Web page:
Improved storm water quality in an industrial area in Helsinki
As part of the project “Kaupunkivesistöt kuntoon”, financed by the Ministry of Environment of Finland, City of Helsinki built a biochar filtration pilot next to a small-industry area.
Solution to which problem
In the past, strom water from the area ran directly into a ditch discharging into the Haaga brook running into the Baltic Sea. In recent years, lots of effort have been put to restore the population of sea trout living in Haaga brook. In order to protect the sea trout population there was a need to improve the quality of storm water reaching the Haaga brook. Due to industrial activity in the area, the quality of the storm water flowing in the ditch towards Haaga brook has been deteriorating and the brook has been exposed to leakages of oil and harmful substances. With the biochar filtration solution, it was possible to reduce the amount of oil, nutrients, heavy metals, solid matter entering the Haaga brook and at the same time slow down the water flow. Another aim of the pilot was also to test the functioning of biochar filtration in a densely built city area.
The site where the pilot was built was challenging due to the limitation of space. The catchment area is about 20 hectares and the space available for constructing the pilot was only 1500 m3 which is about 0,75 % of the size of the catchment area. In addition to this, there was hardly any altitude differences in the ground level and hydrostatic head towards the storm water sewer located above could not be increased.
The structure of the filtration system is a shallow sedimentation basin, taking up to 200 m3 of water, which corresponds to the rainfall of 3 mm in this densely built and mainly impermeable catchment area. To optimize the efficiency of filtration capacity and permeability, the filtration layer on the bottom is a mixture of biochar and crushed aggregate. On top of the sedimentation basin there is a dense willow thicket which evaporates the water and absorbs nutrients and contaminants.
All storm water is primarily led to the sedimentation basin. Water flows into the basin from two different inlets. Both of the inlets have their own bypasses where the overflow will be led if the level of water in the sedimentation basin rises too high. However, there is an equalization basin located in the outlet of the overflow pipe for water coming from the industrial area side of the sedimentation basin preventing overflow to enter directly to the brook. For emergency situations, there is a sluice gate in the gallery which can be used to stop the discharge of water into the Haaga brook.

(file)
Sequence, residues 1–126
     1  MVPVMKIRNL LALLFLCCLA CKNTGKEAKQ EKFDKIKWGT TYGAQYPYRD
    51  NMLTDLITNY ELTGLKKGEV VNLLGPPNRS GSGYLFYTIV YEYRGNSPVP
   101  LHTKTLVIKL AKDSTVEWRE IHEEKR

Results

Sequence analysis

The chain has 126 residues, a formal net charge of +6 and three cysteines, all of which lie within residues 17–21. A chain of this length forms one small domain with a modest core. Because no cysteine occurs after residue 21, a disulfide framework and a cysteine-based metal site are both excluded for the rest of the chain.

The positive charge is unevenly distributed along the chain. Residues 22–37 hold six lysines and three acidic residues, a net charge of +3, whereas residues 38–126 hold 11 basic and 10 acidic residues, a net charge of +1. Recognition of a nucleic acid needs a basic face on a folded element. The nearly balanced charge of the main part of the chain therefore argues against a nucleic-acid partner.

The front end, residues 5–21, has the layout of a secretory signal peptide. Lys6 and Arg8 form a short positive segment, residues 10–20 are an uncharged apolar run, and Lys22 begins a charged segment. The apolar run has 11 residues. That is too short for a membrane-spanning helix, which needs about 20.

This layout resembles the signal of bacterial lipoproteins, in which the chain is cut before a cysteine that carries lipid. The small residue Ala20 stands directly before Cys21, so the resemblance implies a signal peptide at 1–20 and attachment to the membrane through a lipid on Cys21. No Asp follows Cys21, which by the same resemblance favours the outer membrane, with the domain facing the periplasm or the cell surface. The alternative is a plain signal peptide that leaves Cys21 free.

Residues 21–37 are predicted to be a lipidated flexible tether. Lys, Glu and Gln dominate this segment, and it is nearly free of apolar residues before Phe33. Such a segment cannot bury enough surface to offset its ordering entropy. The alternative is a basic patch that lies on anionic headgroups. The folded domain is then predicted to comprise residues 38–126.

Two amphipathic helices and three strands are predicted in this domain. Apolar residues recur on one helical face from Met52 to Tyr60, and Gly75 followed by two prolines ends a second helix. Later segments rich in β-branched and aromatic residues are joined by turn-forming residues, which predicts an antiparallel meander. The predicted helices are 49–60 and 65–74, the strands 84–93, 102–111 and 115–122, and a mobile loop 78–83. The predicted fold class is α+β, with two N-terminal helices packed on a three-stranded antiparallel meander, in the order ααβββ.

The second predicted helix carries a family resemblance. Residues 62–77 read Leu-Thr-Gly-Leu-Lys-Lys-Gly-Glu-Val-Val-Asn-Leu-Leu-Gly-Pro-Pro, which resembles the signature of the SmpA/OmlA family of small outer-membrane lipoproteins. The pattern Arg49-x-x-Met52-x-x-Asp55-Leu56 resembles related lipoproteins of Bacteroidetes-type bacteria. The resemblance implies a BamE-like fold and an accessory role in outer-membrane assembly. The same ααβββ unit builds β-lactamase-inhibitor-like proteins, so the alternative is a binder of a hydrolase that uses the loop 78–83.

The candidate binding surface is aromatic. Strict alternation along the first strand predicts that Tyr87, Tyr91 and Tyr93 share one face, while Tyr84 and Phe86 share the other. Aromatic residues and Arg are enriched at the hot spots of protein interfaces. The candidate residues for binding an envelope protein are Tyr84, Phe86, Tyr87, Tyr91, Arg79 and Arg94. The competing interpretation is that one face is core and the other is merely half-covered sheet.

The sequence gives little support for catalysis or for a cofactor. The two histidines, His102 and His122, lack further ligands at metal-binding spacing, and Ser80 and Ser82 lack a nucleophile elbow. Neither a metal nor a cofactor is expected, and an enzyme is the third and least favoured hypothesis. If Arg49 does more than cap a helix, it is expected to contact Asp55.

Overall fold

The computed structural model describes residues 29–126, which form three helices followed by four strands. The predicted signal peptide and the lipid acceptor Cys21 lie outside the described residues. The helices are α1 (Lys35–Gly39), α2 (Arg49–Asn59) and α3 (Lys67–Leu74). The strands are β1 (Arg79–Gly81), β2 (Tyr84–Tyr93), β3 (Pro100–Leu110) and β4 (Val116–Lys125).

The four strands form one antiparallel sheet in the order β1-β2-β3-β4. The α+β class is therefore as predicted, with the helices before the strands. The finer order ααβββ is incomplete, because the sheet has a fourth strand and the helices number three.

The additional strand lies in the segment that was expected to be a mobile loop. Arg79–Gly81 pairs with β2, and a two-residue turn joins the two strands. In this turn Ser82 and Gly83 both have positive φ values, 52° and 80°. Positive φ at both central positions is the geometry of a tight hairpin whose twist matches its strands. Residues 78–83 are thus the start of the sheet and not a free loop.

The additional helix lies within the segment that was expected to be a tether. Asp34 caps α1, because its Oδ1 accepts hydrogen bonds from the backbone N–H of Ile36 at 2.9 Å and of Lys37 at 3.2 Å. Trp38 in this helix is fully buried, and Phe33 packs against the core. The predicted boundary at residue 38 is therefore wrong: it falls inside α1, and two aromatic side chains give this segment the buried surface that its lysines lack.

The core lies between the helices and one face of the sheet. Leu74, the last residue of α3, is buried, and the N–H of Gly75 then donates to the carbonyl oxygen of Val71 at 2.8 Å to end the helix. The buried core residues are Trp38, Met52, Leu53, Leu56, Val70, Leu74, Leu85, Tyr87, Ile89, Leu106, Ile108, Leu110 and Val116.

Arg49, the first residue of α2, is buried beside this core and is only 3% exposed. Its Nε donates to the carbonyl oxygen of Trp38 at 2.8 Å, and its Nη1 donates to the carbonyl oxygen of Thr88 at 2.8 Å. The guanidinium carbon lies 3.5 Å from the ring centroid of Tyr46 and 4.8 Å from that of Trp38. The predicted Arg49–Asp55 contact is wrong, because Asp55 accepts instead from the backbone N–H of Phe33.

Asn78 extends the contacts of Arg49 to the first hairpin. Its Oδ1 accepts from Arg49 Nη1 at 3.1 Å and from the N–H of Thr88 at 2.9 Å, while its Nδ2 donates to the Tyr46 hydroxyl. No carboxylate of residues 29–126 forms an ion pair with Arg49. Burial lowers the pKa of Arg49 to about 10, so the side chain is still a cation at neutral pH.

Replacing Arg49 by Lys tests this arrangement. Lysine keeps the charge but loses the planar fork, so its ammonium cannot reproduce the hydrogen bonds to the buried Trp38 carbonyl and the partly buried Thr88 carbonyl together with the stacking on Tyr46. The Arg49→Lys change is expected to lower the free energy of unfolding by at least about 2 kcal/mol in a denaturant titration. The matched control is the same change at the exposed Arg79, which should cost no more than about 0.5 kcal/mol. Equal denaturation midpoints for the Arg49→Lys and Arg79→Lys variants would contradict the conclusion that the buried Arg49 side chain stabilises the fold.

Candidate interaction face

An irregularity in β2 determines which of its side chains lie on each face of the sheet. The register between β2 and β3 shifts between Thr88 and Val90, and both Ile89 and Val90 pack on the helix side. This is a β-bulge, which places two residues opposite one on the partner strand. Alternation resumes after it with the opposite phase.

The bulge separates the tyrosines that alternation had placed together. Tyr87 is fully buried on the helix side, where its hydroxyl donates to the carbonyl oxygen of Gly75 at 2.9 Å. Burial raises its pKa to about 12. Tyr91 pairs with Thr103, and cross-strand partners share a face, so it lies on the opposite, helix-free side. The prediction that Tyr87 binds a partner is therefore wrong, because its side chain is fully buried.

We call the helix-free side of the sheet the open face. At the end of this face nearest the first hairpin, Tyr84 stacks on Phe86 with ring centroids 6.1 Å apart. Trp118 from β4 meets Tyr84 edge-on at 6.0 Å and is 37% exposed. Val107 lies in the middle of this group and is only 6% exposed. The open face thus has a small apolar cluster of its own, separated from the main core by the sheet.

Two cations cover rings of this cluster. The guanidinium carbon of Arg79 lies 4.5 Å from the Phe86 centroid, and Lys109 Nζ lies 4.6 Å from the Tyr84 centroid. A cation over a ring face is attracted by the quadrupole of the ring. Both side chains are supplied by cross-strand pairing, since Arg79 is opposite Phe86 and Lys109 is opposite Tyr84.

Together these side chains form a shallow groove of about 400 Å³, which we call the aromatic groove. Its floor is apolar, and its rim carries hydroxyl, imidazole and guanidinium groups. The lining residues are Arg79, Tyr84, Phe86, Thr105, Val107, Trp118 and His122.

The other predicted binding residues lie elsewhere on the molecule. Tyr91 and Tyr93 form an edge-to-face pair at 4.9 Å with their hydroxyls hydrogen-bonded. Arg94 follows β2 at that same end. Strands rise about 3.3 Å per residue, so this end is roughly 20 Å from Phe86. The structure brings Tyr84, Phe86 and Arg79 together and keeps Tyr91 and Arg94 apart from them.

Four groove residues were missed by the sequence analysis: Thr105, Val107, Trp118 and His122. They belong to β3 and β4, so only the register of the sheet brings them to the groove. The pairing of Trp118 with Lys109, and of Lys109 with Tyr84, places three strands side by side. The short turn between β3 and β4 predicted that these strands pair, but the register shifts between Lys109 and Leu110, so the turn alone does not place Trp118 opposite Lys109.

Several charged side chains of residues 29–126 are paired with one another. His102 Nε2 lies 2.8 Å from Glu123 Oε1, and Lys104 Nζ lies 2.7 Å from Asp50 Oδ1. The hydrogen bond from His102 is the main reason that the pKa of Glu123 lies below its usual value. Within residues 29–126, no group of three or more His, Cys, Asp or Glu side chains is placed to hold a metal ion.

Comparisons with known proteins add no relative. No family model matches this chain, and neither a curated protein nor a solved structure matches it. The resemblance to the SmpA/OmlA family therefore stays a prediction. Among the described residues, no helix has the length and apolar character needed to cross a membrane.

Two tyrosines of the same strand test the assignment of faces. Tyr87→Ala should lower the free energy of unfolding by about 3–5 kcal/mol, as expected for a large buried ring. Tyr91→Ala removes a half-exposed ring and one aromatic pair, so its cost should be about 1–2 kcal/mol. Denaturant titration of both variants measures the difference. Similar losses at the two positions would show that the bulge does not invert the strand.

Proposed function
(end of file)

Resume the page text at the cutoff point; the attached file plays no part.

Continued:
This storm water filtration structure is still new and not many monitoring samples are available to evaluate the effectivity of the structure in cleaning storm water. However, based on preliminary samples, biochar filtration effectively removed phosphorus from storm water. Concentrations of dissolved phosphorus were under the detection limit after the filtration. A very effective phosphorus removal was obtained even without any boosting chemicals (e.g. ferro oxide). Nitrogen removal was not as efficient. Nitrogen compounds mainly passed unaffected through the structure. Only ammonium concentrations decreased by filtration, in average 15% of incoming ammonium was retained by the structure.
Concentrations of many metals typical in urban storm waters, like cadmium, cobalt, chromium, nickel and copper were decreased in filtration through biochar. The decrease was in average 25 %, but varied markedly between metals and sampling occasions. However, the concentrations of strontium and uranium remained unchanged in filtration.
The suspended solids were effectively removed in filtration. Over 60 % decrease was detected during the monitoring. The decrease of suspended solids probably partly explains the decrease of many substances typically bound in suspended matter.
There was a great temporal variation in the concentrations of oil hydrocarbons between the samplings but the filtering structure retained them effectively. In all sampling occasions the concentrations of oil hydrocarbons in outflowing water either were under the detection limit or decreased over 80 %.
Polyaromatic hydrocarbons (PAH) were detectable only in few samplings mainly remaining under the detection limit. However, in few sampling occasions a significant reduce was observed after the filtration.